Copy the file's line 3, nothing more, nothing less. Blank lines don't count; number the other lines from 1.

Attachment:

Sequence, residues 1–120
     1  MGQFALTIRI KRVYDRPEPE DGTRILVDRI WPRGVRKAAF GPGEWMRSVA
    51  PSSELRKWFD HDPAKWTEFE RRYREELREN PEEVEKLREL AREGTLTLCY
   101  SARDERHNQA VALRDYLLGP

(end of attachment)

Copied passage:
    51  PSSELRKWFD HDPAKWTEFE RRYREELREN PEEVEKLREL AREGTLTLCY